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Exercise & Fitness for Senior Citizens

Longer Life Ahead for Senior Citizens Who Build Muscle

Clinicians need to focus on ways to improve body composition, rather than on BMI alone, when counseling older adults on preventative health

March 14, 2014 There seems to be no end to the conflict among those who research senior citizens between deciding if seniors should be thin or a little on the heavy side to achieve a longer life. The latest opinion from UCLA researchers says the more muscle mass older Americans have, the likely they are to die prematurely. They add to the growing evidence that overall body composition is a better predictor of longevity that using the body mass index (BMI) measurement.

The study, published in the American Journal of Medicine, is the culmination of previous UCLA research led by Dr. Preethi Srikanthan, an assistant clinical professor in the endocrinology division at the David Geffen School of Medicine at UCLA, that found that building muscle mass is important in decreasing metabolic risk.

"As there is no gold-standard measure of body composition, several studies have addressed this question using different measurement techniques and have obtained different results," Srikanthan said.

"So many studies on the mortality impact of obesity focus on BMI. Our study indicates that clinicians need to be focusing on ways to improve body composition, rather than on BMI alone, when counseling older adults on preventative health behaviors."

 

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The researchers analyzed data collected by the National Health and Nutrition Examination Survey (NHANES) III, conducted between 1988 and 1994. They focused on a group of 3,659 individuals that included men who were 55 or older and women who were 65 or older at the time of the survey. The authors then determined how many of those individuals had died from natural causes based on a follow-up survey done in 2004.

The body composition of the study subjects was measured using bioelectrical impedance, which involves running an electrical current through the body. Muscle allows the current to pass more easily than fat does, due to muscle's water content. In this way, the researchers could determine a muscle mass index - the amount of muscle relative to height - similar to a body mass index.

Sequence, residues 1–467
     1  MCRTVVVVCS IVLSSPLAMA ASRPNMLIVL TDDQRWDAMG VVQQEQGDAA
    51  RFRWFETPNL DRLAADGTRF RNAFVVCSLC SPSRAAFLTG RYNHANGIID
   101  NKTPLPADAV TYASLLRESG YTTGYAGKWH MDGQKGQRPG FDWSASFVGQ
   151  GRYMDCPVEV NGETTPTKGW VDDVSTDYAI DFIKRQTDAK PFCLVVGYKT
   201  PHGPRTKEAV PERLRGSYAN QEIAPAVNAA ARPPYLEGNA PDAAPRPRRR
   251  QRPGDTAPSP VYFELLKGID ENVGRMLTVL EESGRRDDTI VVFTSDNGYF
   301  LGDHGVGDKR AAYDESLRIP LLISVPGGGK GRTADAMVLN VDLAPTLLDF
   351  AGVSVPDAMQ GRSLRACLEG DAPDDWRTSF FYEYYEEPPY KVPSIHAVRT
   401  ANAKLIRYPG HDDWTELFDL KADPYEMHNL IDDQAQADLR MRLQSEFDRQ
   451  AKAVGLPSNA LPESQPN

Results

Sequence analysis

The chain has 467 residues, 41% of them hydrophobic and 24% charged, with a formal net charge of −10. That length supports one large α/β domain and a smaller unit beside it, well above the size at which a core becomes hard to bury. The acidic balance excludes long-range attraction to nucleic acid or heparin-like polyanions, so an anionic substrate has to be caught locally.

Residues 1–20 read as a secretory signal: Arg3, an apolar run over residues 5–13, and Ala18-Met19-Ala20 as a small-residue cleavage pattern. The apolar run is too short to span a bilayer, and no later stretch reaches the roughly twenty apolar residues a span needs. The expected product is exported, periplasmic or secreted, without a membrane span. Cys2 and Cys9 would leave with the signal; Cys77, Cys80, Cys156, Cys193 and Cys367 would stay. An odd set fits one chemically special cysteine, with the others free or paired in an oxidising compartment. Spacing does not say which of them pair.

They looked at how this muscle mass index was related to the risk of death. They found that all-cause mortality was significantly lower in the fourth quartile of muscle mass index compared with the first quartile.

"In other words, the greater your muscle mass, the lower your risk of death," said Dr. Arun Karlamangla, an associate professor in the geriatrics division at the Geffen School and the study's co-author.

"Thus, rather than worrying about weight or body mass index, we should be trying to maximize and maintain muscle mass."

This study does have some limitations. For instance, one cannot definitively establish a cause-and-effect relationship between muscle mass and survival using a cohort study such as NHANES III.

"But we can say that muscle mass seems to be an important predictor of risk of death," Srikanthan said. In addition, bioelectrical impedance is not the most advanced measurement technique, though the NHANES III measurements were conducted in a very rigorous fashion "and practically, this is the best situation possible in a study of this size," she noted.

"Despite these limitations, this study establishes the independent survival prediction ability of muscle mass as measured by bioelectrical impedance in older adults, using data from a large, nationally representative cohort," Srikanthan and Karlamangla write, adding that BMI's association with mortality in older adults has proven inconsistent.

"We conclude that measurement of muscle mass relative to body height should be added to the toolbox of clinicians caring for older adults. Future research should determine the type and duration of exercise interventions that improve muscle mass and potentially increase survival in (healthy), older adults."

Notes:

The research was funded by National Institutes of Health.

The UCLA Division of Endocrinology, Diabetes and Hypertension, part of the department of medicine at the David Geffen School of Medicine at UCLA, provides consultative, diagnostic and therapeutic services for the full range of endocrine problems.

The UCLA Division of Geriatrics, within the department of medicine at the David Geffen School of Medicine at UCLA, offers comprehensive outpatient and inpatient services at several convenient locations and works closely with other UCLA programs that strive to improve or maintain the quality of life of seniors. UCLA geriatricians are specialists in managing the overall health of people age 65 and older and treating medical disorders that frequently affect the elderly, including falls and immobility, urinary incontinence, memory loss and dementia, arthritis, high blood pressure, heart disease, osteoporosis, and diabetes. As a result of their specialized training, geriatricians can knowledgably consider and address a broad spectrum of health-related factors - including medical, psychological and social - when treating their patients.

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